TV Review: We The Jury, BBC2

Of all the current BBC2 sitcom pilots this was the one I was looking forward to the most. When I heard that We The Jury was written by James Acaster I assumed it would be based on his 2015 Edinburgh Comedy Award-nominated show about his time - quite possibly fictional - on a court case.

In fact this is - almost - a totally different plot/story/narrative and Acaster himself only has the briefest of cameos early on. The action here revolves around manchild justice obsessive William (Ed Easton) who finally gets what he has been dreaming of. His father was a juror and now it is his turn to do “one of the most important tasks known to humankind.”

The courtroom situation is always a fertile ground for comedy and this is no exception as we swiftly meet the other jurors, from mouse-like teacher Jen (Sophie Thompson) to militant poet also called Jen (Vivienne Acheampong), who to avoid confusion is immediately dubbed Wolf.

It soon becomes an ensemble piece with Diane Morgan chipping in as a sulky goth and Cuckoo’s Kenneth Collard popping up as someone who works in a bureau de change: “I just love currency”. The cast also includes familiar faces Oliver Maltman, David Schaal, Kae Alexander and Samson Kayo. And before you know it they are all bonding over beers in a club.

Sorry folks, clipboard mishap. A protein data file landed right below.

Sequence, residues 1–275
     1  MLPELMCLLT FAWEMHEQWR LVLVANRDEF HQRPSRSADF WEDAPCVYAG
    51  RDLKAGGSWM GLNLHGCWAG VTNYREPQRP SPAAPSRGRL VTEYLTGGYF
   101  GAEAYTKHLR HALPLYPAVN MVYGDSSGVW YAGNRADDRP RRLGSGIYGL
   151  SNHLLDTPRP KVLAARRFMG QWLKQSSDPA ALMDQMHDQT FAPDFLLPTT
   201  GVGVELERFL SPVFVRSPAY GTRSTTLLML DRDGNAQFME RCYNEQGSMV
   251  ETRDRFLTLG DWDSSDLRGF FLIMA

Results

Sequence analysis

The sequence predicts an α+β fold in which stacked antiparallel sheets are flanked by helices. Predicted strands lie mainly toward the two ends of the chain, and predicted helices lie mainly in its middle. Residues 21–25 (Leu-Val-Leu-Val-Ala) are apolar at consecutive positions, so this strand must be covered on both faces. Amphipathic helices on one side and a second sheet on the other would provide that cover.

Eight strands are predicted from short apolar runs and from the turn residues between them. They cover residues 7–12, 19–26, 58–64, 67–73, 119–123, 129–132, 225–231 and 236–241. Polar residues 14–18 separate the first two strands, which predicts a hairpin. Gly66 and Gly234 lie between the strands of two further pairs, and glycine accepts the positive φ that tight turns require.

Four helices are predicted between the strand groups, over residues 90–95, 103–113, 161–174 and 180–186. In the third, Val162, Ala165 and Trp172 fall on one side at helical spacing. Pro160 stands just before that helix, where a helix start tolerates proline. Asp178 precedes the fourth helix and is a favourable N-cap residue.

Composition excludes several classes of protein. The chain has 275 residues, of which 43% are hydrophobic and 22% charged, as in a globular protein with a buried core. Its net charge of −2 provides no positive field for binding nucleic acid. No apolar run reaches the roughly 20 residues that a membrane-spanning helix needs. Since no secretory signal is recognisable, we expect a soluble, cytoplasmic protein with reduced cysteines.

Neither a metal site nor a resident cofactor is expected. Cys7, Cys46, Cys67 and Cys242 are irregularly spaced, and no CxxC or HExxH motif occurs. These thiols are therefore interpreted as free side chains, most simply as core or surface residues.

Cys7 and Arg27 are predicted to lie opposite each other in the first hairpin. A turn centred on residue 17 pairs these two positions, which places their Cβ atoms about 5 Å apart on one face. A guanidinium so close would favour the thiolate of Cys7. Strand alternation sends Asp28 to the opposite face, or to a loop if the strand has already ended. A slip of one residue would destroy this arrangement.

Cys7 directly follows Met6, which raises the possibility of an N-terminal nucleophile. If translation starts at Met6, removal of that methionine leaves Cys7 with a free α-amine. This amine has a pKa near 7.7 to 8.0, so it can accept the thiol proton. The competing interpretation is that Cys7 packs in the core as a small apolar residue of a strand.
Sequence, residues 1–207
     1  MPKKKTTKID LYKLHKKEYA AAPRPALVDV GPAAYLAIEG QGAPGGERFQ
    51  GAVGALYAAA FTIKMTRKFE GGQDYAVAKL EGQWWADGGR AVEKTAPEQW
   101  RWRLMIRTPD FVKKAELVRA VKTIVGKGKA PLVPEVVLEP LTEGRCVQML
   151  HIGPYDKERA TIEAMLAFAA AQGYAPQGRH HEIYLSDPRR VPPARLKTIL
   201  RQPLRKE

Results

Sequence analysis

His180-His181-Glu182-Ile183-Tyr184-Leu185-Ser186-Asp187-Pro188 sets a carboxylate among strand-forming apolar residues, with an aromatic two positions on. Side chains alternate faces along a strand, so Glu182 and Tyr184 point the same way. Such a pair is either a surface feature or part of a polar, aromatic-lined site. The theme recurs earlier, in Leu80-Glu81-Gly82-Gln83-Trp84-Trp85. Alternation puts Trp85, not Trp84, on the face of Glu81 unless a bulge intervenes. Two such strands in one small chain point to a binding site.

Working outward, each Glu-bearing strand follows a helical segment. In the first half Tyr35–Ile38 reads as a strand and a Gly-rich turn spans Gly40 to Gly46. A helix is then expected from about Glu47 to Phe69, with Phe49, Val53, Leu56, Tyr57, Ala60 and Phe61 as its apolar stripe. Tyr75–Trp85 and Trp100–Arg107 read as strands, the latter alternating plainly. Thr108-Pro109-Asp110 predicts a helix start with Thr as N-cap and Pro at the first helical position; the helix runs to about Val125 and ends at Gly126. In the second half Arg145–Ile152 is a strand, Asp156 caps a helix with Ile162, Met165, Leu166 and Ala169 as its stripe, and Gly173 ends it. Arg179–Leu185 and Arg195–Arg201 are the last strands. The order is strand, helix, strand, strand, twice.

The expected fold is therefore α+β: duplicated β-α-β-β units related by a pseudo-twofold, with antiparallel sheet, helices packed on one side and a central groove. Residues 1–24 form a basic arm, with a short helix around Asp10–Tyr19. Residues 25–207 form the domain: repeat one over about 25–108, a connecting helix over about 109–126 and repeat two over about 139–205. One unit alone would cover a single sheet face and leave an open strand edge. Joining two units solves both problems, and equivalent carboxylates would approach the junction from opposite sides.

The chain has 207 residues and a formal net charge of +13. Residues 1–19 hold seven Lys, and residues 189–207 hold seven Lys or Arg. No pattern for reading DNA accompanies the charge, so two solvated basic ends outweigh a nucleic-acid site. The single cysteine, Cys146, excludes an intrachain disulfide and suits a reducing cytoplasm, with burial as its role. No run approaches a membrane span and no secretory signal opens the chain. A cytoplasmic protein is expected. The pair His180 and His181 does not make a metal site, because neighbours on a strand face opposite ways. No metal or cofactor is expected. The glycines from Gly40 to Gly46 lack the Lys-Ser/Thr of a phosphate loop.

There is a lot going on here. In fact it turns out that the nuts and bolts of the trial are the least interesting plot strands. You have to feel sorry for Him & Her’s Ricky Champ, who plays the defendant and hardly has anything to do apart from stand in the dock and look guilty. The action actually homes in on the jury’s obsession with the skills of the courtroom artist and William’s tentative relationship with Fiona (Kerry Howard, obviously brilliant because she is always brilliant).

As one would expect from Acaster there are some gloriously well-chosen lines of dialogue. The tone is silly rather than naturalistic. Even something as simple as someone saying “don’t wave” becomes funny and there’s a neat moment towards the end when one of the previously silent jurors has an unexpected stand-out line. And shrewdly the inevitable reference to the movie 12 Angry Men is got out of the way early on. 

I’m not quite sure how this would spin off into a series though. Would we follow the whole case? Would we follow William or each juror? Or would it all start from scratch each week which would mean a heck of a lot of writing work to establish so many new characters every time. But as a one-off there is only one verdict. Excellent.

We The Jury is on iPlayer here.

Hello! Thanks for reading all the way down. I wish I could give you a prize. But BTJ needs your support to continue - if you would like to help to keep the site going, please consider donating.

Zircon - This is a contributing Drupal Theme
Design by WeebPal.